For years, college football’s commissioners and presidents have clung to their standard line about why the sport would not institute a postseason playoff model.
Those who oversee the Bowl Championship Series are so concerned by the thought of a playoff that at the B.C.S. meetings in Florida two years ago, they voted not to even discuss the issue.
Instead, they have continuously offered the idea that “every week is a playoff” and that college presidents are spooked by the notion of the sport becoming too commercial and, gulp, too professional.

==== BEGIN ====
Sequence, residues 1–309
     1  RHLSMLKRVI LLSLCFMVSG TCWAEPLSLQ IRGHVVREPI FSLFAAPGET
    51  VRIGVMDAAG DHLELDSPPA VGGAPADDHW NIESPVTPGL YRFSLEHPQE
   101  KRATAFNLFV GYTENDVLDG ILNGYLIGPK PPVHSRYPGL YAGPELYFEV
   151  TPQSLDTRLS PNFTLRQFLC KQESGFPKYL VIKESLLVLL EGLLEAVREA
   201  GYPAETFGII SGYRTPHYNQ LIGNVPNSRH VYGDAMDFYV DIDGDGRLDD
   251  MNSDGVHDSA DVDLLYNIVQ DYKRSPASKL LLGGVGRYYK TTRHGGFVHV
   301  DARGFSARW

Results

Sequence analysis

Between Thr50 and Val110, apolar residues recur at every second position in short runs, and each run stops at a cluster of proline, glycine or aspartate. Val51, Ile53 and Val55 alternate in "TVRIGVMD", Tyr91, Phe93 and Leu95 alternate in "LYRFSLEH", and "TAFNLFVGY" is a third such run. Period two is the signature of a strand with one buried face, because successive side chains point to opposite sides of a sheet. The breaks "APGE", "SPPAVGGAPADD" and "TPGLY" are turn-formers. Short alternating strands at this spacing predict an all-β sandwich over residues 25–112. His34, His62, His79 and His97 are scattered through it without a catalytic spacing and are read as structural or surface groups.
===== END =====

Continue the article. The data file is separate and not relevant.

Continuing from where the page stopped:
But with a pedestrian Heisman Trophy field, no elite team that scintillates the masses and virtually no chance of a team outside the Big Three crashing the national title game, this college football season is sputtering to the finish.
As the regular season pushes toward its final three weeks, there does not appear to be a single competitive game left on the schedule that directly relates to the national title.
It is a three-horse race, with Texas, Florida and Alabama all running against claimers.